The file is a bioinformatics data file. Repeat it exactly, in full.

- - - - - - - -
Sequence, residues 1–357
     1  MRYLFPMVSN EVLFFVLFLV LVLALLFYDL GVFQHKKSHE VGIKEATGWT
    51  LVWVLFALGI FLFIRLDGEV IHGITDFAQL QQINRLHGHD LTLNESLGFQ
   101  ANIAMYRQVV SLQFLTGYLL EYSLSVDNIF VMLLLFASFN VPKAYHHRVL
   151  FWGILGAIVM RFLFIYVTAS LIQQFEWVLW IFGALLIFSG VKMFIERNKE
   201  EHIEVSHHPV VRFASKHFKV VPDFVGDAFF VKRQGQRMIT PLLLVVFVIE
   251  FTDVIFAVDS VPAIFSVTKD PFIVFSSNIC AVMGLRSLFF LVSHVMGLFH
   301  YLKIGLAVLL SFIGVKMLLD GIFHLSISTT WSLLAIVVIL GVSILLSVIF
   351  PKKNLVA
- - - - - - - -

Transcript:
Sequence, residues 1–357
     1  MRYLFPMVSN EVLFFVLFLV LVLALLFYDL GVFQHKKSHE VGIKEATGWT
    51  LVWVLFALGI FLFIRLDGEV IHGITDFAQL QQINRLHGHD LTLNESLGFQ
   101  ANIAMYRQVV SLQFLTGYLL EYSLSVDNIF VMLLLFASFN VPKAYHHRVL
   151  FWGILGAIVM RFLFIYVTAS LIQQFEWVLW IFGALLIFSG VKMFIERNKE
   201  EHIEVSHHPV VRFASKHFKV VPDFVGDAFF VKRQGQRMIT PLLLVVFVIE
   251  FTDVIFAVDS VPAIFSVTKD PFIVFSSNIC AVMGLRSLFF LVSHVMGLFH
   301  YLKIGLAVLL SFIGVKMLLD GIFHLSISTT WSLLAIVVIL GVSILLSVIF
   351  PKKNLVA